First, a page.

For Guilford County Schools Superintendent Sharon Contreras, education isn’t a job. It is the activating spirit of her life.
As a woman of color and a person with a disability (she is functionally deaf with only 1% hearing), her passion is stirred by kids who others overlook. As Contreras prepares to leave Guilford to become the leader of The Innovation Project, she is reflecting back on her time in a traditional education system.
“This has been the joy of my life,” she said. “You know, for some people it’s not easy, but for me, it’s like breathing.”
‘Showing up in very personal ways’
Both before she came to North Carolina and during her tenure in Guilford County, Contreras has regularly visited incarcerated youth, encouraging and helping them continue to learn and work towards graduation.
“It’s the constant reminder of how adults have failed young people,” she said. “And we fail them in many ways. And I can’t own all of this, but I can certainly own the educational piece.”
She apologizes to the incarcerated students.
“I mean, they’re just students who are the most vulnerable in society, and they don’t have money for attorneys and that’s the reason many of them are incarcerated, not so much because their crime was so heinous,” she said.
Since she’s been with Guilford County Schools, the district has graduated 11 incarcerated youth.
Winston McGregor, president of the Guilford Education Alliance and vice chair of the Guilford County Board of Education, said Contreras buys books for incarcerated youth, and talks to them about what they’ve read. When they graduate high school, Contreras dresses in full regalia, hires a small orchestra, and brings in a commencement speaker.
And McGregor said she does things like this largely out of the public eye — like when Contreras called McGregor around Christmas, saying she had bags full of food for needy families and asked McGregor to help deliver them. She also visited students who survived a car wreck where others were killed. She stayed on the bank of a pond with a mother as her deceased child was pulled out of the water.
“Not only was she leading a district, but she was showing up in very personal ways for families and kids, because that’s her passion,” McGregor said.
A path to education
Contreras said she tells people she started teaching 50 years ago, and when they ask what that means, she tells them that she used to teach her dolls. She would line them up and they’d have class. And she says she would drag a table outside in her neighborhood on Saturday mornings, knock on doors, and wake up her neighbors to play school.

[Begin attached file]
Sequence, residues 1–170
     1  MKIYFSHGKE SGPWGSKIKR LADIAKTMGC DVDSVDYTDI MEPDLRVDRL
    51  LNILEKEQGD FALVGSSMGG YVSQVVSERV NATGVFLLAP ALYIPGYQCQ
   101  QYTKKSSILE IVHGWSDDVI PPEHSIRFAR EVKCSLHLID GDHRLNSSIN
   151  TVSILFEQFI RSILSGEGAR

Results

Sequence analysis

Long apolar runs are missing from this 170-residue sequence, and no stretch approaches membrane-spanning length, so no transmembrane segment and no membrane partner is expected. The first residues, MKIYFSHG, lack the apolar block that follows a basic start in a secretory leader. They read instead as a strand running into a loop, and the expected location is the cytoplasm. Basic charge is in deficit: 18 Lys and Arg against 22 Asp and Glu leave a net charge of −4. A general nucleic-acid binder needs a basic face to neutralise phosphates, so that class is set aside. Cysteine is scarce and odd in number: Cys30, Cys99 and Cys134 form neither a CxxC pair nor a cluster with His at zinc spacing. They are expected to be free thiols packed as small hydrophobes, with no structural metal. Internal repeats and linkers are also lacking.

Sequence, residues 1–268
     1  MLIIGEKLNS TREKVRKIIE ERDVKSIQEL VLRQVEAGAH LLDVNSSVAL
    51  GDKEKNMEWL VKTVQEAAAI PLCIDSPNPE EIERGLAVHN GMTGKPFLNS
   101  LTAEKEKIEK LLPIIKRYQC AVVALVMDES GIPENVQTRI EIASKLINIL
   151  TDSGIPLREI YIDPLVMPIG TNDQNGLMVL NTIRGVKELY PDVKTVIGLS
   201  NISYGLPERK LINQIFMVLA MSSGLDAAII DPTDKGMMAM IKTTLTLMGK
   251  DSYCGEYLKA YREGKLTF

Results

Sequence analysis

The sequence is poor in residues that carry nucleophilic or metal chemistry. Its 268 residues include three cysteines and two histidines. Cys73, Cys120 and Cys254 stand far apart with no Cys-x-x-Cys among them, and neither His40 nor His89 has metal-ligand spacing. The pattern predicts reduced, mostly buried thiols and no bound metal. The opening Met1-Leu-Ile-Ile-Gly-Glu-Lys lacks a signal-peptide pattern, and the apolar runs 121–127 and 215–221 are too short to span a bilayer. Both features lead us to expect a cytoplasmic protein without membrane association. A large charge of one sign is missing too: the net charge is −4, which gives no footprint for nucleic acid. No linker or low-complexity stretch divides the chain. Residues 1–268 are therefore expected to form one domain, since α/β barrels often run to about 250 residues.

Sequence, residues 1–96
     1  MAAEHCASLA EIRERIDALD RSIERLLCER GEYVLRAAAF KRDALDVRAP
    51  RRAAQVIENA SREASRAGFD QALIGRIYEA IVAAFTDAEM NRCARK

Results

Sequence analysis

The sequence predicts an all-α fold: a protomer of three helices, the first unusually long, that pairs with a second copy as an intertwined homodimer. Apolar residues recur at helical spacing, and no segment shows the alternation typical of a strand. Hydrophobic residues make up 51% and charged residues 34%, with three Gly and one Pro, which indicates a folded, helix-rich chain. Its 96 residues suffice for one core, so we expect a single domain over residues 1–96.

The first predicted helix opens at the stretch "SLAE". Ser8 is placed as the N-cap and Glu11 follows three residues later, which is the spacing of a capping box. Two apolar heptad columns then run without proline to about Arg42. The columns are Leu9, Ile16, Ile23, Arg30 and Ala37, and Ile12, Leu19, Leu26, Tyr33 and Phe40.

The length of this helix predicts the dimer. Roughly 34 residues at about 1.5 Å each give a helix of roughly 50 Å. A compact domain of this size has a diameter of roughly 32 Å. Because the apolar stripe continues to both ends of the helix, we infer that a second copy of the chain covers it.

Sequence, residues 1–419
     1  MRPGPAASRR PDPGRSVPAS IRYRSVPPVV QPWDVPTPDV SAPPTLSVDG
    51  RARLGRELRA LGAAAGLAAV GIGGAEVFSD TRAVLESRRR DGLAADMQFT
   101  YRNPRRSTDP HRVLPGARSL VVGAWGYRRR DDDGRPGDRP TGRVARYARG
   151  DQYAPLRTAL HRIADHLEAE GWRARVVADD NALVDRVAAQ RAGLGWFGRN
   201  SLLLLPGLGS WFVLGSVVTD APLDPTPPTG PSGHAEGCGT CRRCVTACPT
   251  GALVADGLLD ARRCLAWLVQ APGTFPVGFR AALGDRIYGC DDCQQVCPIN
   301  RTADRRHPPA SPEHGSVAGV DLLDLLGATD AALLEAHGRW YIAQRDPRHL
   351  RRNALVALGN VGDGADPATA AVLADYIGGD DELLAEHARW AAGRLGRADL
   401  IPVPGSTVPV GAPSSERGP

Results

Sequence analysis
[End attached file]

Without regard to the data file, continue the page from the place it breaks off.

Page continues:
She said she feels “blessed” to have spent 30 years in pre-K-12 settings and to have been able to work with families and children.
“I think too often as educators, we think we’re doing something for them. And we don’t think about how children and families contribute to our lives and make us better people,” she said. “But I’m a better human being from being an educator, and from working with children, and they never failed to make me smile and to bring me joy.”
Reflecting on the good and the bad
When she first came to take over Guilford County Schools in 2016, Contreras said she was aware that even though school districts are often very similar, each one also feels unique. So, she said she spent almost a year just listening and learning.
With a transition team of 100 people — most of them from inside the district but about 20% were national experts in specific fields — they took a “deep dive” into Guilford County Schools to learn what needed to be done. Contreras didn’t really start taking action until her second year.
She said she faced some criticism for not hitting the ground running, but she has no regrets.
“I took a lot of time to learn about the culture of the school district and some of the specific strengths and challenges in Guilford County,” she said. “And that really helped because I got to know a lot of the power brokers, a lot of the folks that quietly wielded influence and have helped through some very difficult times in the district. So it was a strategy that really paid off.”
When she thinks back over her time in Guilford County, a few specific accomplishments stick out in her mind, including building support for teachers.
“When I got here, there was not a single dollar allocated in the general fund for teacher development,” she said.
But that’s all changed. There are millions of dollars for teacher and leader support and development, she said. There are three assistant principal development programs, teachers can get coaching in literacy and math, and the district provides all of its employees professional development on sexual assault and abuse.
She said that when she came on board in Guilford, the district hadn’t adopted textbooks in 10 years, something which she moved to change. Now, teachers have textbooks, and the district provides digital devices to students along with their instructional materials.
Contreras also worked to improve the district’s facilities. She said she helped form a joint facilities committee between the Board of County Commissioners and Board of Education, which led to the passage of a $300 million bond to build new school buildings. Another $1.7 billion bond is going before voters in May.
McGregor said that Contreras isn’t one to make excuses. In a conversation about reading curriculum, McGregor remembered Contreras rattling off the number of the district’s third graders who weren’t reading on grade level and saying there wasn’t any time to waste and that adults need to inconvenience themselves in order to get the right outcomes for kids.
“There was a sense of ‘I’m sorry this was hard on the grown ups. It won’t be as hard on anybody as me,'” McGregor recalled Contreras saying.
There are some things Contreras said she won’t remember fondly. One of them, she noted, is what the public thinks a superintendent does and doesn’t do.
“The superintendent is put out front a lot to speak and to explain the board’s vision and to explain the budget, and when something’s going wrong to explain what the crisis is,” she said. “But the board doesn’t speak. The board leadership doesn’t speak. The communications team doesn’t necessarily speak. So the public who doesn’t understand governance believes that the superintendent has outsized power, and so when they’re disappointed, they’re disappointed in the individual, not knowing that the superintendent is not even making these decisions.”